Terps aren't flinching at No. 6 Florida State But on paper, it's a mismatch

TALLAHASSEE, FLA. — TALLAHASSEE, Fla. -- Florida State is ranked No. 6 in the country, and is playing Maryland today in front of a homecoming crowd of 70,000 at Doak-Campbell Stadium. The partisan crowd is expected to participate a lot in the "Seminole War Chant" because Florida State is favored by 27 points.

One might think the Terps (2-7 overall, 1-5 Atlantic Coast Conference) would be a little intimidated.


Think again.

"You punch the clock at about the same time every week no matter who you play," said Mike Jarmolowich, Maryland's senior linebacker. "The chanting, the Seminole on horseback, it all means nothing when the game starts. So what if it's their homecoming? It's going to be warm and a great day for an upset."


Maryland first-year coach Mark Duffner said: "The crowd is going to be pumped, and this team is traditionally one of the best in the country. I'm going to love the enthusiasm of the game. What a great way for us to make a name for ourselves."

It might sound cocky if such talk came from any team except Maryland. But that's the way Duffner prepares his teams. They believe they can beat anybody.

But belief is one thing, and reality is another. This game seems to be a total mismatch.

Maryland is at the bottom of the ACC. Florida State (7-1, 7-0) has already won the league title. The Seminoles are a traditional power. Duffner is just beginning to rebuild at Maryland. Florida State is nearly three deep at every position. The Terps have virtually no depth.

And here's the biggest difference: speed.

"Their athleticism sets them apart from all but about five schools in the country," said Duffner. "Darn right I'm concerned about it. They can make plays out of virtually nothing."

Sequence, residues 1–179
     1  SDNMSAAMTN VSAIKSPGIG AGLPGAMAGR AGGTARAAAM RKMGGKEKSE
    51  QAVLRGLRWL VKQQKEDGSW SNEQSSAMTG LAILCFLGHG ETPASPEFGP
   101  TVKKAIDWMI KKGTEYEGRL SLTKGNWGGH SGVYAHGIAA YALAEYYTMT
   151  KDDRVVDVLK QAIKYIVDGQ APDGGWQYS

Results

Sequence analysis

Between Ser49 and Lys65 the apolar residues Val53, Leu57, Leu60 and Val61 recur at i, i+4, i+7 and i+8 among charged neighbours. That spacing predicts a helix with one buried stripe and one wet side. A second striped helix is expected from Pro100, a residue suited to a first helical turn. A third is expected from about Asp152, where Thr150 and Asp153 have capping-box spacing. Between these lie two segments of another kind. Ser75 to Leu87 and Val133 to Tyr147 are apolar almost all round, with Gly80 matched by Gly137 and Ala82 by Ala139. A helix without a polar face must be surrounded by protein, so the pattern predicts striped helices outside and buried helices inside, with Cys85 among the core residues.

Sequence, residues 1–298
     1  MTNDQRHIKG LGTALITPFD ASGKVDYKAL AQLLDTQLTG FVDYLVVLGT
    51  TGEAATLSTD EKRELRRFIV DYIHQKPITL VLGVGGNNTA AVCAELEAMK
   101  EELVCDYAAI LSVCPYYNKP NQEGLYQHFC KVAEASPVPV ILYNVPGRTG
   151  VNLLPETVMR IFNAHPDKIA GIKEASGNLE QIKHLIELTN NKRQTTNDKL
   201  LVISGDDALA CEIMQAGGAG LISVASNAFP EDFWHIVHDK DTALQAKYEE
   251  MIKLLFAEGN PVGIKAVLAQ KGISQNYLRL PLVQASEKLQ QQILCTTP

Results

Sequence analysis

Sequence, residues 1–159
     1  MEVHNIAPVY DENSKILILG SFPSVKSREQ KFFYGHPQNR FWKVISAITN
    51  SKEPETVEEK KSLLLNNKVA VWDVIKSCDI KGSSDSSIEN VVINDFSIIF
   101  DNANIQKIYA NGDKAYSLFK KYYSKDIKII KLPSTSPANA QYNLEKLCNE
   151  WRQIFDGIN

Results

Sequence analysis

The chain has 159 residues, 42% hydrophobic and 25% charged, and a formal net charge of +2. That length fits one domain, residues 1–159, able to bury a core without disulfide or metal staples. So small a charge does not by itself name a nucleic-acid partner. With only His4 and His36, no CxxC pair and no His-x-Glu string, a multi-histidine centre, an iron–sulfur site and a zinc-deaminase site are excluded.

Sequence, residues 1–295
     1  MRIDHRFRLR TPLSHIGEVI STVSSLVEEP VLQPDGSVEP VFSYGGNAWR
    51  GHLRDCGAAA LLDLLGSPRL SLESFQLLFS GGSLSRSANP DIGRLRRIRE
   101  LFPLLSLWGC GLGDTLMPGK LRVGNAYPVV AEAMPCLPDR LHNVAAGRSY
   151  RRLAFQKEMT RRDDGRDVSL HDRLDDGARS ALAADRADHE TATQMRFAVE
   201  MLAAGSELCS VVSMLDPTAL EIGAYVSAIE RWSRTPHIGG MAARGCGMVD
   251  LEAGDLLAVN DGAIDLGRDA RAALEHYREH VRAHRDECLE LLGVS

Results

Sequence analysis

Duffner was alluding to Seminoles quarterback Charlie Ward, who has completed 133 of 254 passes for 1,701 yards and 13 touchdowns, and rushed for 278 yards.

When the Seminoles need a big play, Ward usually makes it. When Florida State was trailing Georgia Tech, 21-7, in the fourth period three weeks ago, Ward directed drives of 80, 80 and 45 yards to pull out a 29-24 win.


Last Saturday, Ward completed a 27-yard touchdown pass and ran 16 yards for another score in the Seminoles' 13-3 victory at Virginia.

Florida State is averaging 408 yards of offense.

"Control Ward, and your chances of winning improve dramatically," said Frank Wycheck, Maryland's junior slot receiver.

Florida State's speed on defense also could cause Maryland's run-and-shoot offense problems. The Terps have not encountered a team that plays as much man-to-man, jamming receivers at the line of scrimmage.

The Terps are expected to shorten their patterns and use the passes for ball-control purposes.

Maryland is third in the country in passing, averaging 319 yards, but Florida State is 10th in total defense, allowing only 280 yards per game -- only 169 passing.


"This is homecoming week and it's going to be a great week to come home to Florida State," said Seminoles outside linebacker Reggie Freeman. "There will be no letting up against Maryland, or anyone else, for the rest of the year. We have achieved one goal of winning the conference title. We had another of going unbeaten in the conference."